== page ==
Roping a deer
This is a discussion on Roping a deer within the Off Topic & Humor Discussion forums, part of the The Back Porch category; Let me start off by saying I don't know who wrote this, but found this funny as heck.
Supposedly a true story written by a ...
November 21st, 2008 09:32 AM
Roping a deer
Let me start off by saying I don't know who wrote this, but found this funny as heck.
Supposedly a true story written by a man who owns a farm.
I had this idea that I was going to rope a deer, put it in a stall, feed it
up on corn for a couple of weeks, then kill it and eat it.
The first step in this adventure was getting a deer. I figured that, since
they congregate at my cattle feeder and do not seem to have much fear of me
when we are there (a bold one will sometimes come right up and sniff at the
bags of feed while I am in the back of the truck not 4 feet away), it should
not be difficult to rope one, get up to it and toss a bag over its head (to
calm it down) then hog tie it and transport it home.
I filled the cattle feeder then hid down at the end with my rope.
The cattle, having seen the roping thing before, stayed well back.
They were not having any of it.
After about 20 minutes, my deer showed up -- 3 of them. I picked out.. ...a
likely looking one, stepped out from the end of the feeder, and threw.. ..my
rope. The deer just stood there and stared at me.
I wrapped the rope around my waist and twisted the end so I would have a
good hold. The deer still just stood and stared at me, but you could tell i
t was mildly concerned about the whole rope situation.
I took a step towards it...it took a step away. I put a little tension on
the rope and then received an education.
The first thing that I learned is that, while a deer may just stand there
looking at you funny while you rope it, they are spurred to action when you
start pulling on that rope.
That deer EXPLODED.
The second thing I learned is that pound for pound, a deer is a LOT stronger
than a cow or a colt. A cow or a colt in that weight range I could fight
down with a rope and with some dignity.
A deer-- no chance.
That thing ran and bucked and twisted and pulled. There was no controlling
it and certainly no getting close to it. As it jerked me off my feet and
started dragging me across the ground, it occurred to me that having a deer
on a rope was not nearly as good an idea as I had originally imagined.
The only up side is that they do not have as much stamina as many other
A brief 10 minutes later, it was tired and not nearly as quick to jerk me
off my feet and drag me when I managed to get up. It took me a few minutes
to realize this, since I was mostly blinded by the blood flowing out of the
big gash in my head. At that point, I had lost my taste for corn-fed
venison. I just wanted to get that devil creature off the end of that rope.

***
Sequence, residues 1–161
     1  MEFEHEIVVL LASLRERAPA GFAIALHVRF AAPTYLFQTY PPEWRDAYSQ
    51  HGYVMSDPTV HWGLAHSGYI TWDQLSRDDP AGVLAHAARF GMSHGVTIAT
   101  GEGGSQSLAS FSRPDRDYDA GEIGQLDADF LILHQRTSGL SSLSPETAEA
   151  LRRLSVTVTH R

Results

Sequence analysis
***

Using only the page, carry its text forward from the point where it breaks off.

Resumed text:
I figured if I just let it go with the rope hanging around its neck, it
would likely die slow and painfully somewhere.
At the time, there was no love at all between me and that deer. At that
moment, I hated the thing, and I would venture a guess that the feeling was
Despite the gash in my head and the several large knots where I had cleverly
arrested the deer's momentum by bracing my head against various large rocks
as it dragged me across the ground, I could still think clearly enough to
recognize that there was a small chance that I shared some tiny amount of
responsibility for the situation we were in, so I didn't want the deer to
have to suffer a slow death, so I managed to get it lined back up in between
my truck and the feeder - a little trap I had set before hand...kind of like
a squeeze chute.
I got it to back in there and I started moving up so I could get my rope
Did you know that deer bite? They do! I never in a million years would have
thought that a deer would bite somebody, so I was very surprised when I
reached up there to grab that rope and the deer grabbed hold of my wrist.
Now, when a deer bites you, it is not like being bit by a horse where they
just bite you and then let go. A deer bites you and shakes its head --
almost like a pit bull. They bite HARD and it hurts.
The proper thing to do when a deer bites you is probably to freeze and draw
back slowly. I tried screaming and shaking instead. My method was
It seems like the deer was biting and shaking for several minutes, but it
was likely only several seconds.
I, being smarter than a deer (though you may be questioning that claim by
now) tricked it.
While I kept it busy tearing the tendons out of my right arm, I reached up
with my left hand and pulled that rope loose. That was when I got my final
lesson in deer behavior for the day.
Deer will strike at you with their front feet. They rear right up on their
back feet and strike right about head and shoulder level, and their hooves
are surprisingly sharp.